Year after year of dirty snow and bitter winds…houses and whole districts of people who aren’t really unhappy, but worse, who are neither happy nor unhappy; people who are ugly because they’re neither ugly nor beautiful; creatures that are dismally neutral, who long without longings as though they’re unconscious, unconsciously suffering from being alive. But I was aware of the sickness of life. Perhaps because I’m more intelligent, or just the opposite, less intelligent, not so wise, not so resigned, not so patient. Is that a fault or a virtue?
God knows where words go. Dust to dust. The poet loves and distrusts them. Someone must.
Trust no one, least of all yourself. Least of all your own best beloved blather, those sentiments and instincts that seem to elevate you into one of life’s nobler specimens, that render you a Mensch, a judge of character, a person who, according to your secret internal PR, is someone to be trusted. If you must trust in something, trust in distrust, or at least listen to it sometimes. As they say: Just listen to yourself! At least have the decency to be just a little disgusted with yourself.
Can you hear the shakiness of those words, those little drops of sound as they fall, those traces of black and white certainty as they imprint themselves across the page? Something — a shadow, as Eliot would have it — intervenes between, what shall we call it? Idea and reality? Motion and act? Conception and creation? What do you read, my lord? Words, words, words.
They really are terrible things: small objects of pain, strange myopic blurs that suddenly rush together to form an avalanche tumbling from one or other Mount Sinai. Tablets of cant. Here, take one. If it doesn’t cure you at least you can flatten yourself with it. See how treacherous they are, these mixed metaphors, these puns?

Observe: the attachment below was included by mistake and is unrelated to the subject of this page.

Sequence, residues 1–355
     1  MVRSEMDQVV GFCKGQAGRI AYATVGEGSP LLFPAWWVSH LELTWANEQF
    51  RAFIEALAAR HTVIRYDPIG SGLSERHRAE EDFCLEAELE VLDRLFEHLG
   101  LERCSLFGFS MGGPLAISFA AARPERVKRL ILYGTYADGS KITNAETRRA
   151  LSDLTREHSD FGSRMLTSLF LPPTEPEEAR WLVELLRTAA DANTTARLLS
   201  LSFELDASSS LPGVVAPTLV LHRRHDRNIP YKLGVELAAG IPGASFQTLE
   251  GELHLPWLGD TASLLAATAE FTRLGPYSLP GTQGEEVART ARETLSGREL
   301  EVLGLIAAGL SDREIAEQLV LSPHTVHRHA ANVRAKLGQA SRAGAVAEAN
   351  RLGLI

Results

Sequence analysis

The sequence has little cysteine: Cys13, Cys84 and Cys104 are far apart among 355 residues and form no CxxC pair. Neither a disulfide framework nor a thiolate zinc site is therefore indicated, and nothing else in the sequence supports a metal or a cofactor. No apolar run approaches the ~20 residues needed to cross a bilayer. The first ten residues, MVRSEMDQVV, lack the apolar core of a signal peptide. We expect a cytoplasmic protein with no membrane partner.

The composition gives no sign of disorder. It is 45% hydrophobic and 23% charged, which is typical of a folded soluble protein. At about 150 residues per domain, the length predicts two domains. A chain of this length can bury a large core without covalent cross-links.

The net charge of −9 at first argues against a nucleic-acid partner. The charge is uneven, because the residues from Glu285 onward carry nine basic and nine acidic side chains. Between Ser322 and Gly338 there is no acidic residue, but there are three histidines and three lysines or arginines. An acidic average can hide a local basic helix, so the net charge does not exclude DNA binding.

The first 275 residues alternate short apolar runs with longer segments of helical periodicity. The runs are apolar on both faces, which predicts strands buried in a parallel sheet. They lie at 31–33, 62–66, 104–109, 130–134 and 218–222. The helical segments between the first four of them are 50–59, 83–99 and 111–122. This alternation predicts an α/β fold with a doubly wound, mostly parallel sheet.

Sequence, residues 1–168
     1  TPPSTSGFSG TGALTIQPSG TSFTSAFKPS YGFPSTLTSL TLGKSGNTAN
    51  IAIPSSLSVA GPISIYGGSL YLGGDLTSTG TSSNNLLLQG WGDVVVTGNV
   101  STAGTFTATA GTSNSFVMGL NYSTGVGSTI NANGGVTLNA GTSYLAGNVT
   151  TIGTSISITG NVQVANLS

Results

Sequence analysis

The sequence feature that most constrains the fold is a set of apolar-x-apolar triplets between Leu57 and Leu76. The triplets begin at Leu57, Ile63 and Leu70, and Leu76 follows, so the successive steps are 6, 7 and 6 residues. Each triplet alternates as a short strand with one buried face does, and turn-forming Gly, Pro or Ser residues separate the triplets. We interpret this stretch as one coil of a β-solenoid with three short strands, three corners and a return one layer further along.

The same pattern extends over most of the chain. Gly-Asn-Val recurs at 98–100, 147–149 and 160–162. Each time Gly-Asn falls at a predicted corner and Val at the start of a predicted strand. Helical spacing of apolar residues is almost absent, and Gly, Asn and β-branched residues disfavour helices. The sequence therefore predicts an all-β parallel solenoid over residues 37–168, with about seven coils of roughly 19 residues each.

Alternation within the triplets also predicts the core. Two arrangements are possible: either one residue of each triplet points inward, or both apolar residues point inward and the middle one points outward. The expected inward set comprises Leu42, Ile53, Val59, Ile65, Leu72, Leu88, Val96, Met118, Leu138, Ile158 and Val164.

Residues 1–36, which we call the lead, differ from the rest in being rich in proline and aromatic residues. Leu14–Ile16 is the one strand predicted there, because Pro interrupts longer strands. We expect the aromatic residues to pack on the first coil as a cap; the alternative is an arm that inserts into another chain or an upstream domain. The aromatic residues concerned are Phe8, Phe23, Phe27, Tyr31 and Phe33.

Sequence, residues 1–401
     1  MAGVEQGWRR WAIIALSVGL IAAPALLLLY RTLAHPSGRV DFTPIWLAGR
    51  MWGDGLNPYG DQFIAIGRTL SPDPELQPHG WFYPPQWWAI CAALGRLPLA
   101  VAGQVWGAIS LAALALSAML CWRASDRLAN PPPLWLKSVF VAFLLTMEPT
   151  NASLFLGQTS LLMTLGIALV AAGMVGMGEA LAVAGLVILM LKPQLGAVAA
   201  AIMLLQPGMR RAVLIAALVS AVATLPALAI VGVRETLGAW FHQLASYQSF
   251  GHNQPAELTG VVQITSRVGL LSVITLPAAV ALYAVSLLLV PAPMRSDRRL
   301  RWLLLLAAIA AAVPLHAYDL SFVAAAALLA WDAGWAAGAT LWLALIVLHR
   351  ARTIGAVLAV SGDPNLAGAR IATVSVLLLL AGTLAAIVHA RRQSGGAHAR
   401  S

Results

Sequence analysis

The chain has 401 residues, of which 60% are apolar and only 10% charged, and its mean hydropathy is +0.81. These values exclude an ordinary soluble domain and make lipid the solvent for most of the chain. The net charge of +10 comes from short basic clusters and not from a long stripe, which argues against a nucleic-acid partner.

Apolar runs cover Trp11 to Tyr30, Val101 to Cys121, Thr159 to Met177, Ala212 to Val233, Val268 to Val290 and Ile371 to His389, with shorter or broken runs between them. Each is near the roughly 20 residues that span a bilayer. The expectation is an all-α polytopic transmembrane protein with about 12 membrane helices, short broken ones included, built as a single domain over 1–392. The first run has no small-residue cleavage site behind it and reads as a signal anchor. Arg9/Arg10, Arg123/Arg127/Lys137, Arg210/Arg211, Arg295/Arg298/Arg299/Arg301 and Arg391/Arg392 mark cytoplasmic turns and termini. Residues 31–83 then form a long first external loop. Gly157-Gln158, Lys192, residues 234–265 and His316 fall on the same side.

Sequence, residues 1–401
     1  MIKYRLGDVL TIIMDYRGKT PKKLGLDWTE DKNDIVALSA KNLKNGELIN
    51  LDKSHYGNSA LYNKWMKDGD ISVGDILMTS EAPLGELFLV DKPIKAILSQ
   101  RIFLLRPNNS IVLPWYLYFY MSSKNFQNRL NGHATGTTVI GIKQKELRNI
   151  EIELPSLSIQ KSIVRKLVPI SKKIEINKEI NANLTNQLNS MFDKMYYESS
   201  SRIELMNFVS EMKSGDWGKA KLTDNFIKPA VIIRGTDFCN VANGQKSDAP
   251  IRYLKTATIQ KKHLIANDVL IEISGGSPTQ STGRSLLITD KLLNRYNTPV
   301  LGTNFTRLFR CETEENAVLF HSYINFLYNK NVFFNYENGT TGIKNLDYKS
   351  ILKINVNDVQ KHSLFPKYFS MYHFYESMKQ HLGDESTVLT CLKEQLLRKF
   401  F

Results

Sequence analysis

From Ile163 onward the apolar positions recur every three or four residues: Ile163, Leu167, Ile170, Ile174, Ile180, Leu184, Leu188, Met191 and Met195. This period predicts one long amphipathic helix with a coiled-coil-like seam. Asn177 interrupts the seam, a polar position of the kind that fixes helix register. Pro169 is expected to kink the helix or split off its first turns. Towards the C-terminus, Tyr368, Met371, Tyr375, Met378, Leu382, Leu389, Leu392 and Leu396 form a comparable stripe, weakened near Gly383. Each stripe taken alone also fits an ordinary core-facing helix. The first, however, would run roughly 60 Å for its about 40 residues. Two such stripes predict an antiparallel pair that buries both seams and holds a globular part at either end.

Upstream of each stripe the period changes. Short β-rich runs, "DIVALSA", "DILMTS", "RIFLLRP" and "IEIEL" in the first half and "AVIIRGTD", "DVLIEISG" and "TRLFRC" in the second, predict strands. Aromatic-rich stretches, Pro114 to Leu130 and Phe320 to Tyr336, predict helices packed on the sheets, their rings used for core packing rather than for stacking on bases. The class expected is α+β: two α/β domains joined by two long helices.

Out of the thousands who are known, or who want to be known as poets, maybe one or two are genuine and the rest are fakes, hanging around the sacred precincts trying to look like the real thing. Needless to say I am one of the fakes, and this is my story.
— Leonard Cohen
Who are you? A way failure has thickened itself to life. Who are you? A way failure has lived a human life.
Bad faith of writing: to have marshalled the strength to write, I am a failure is already to have left failure behind; you are a liar.
I am a failure — with this lie, everything can begin; will you have the strength to ring changes on this sentence? To link it to others? Now you have made something: a few sentences, a paragraph — is that enough? Is it enough to push failure aside?
The clouds change. The seasons pass over our woods and fields in their slow and regular procession, and time is gone before you are aware of it. In one sense, we are always traveling and traveling as if we did not know where we were going. In another sense, we have already arrived.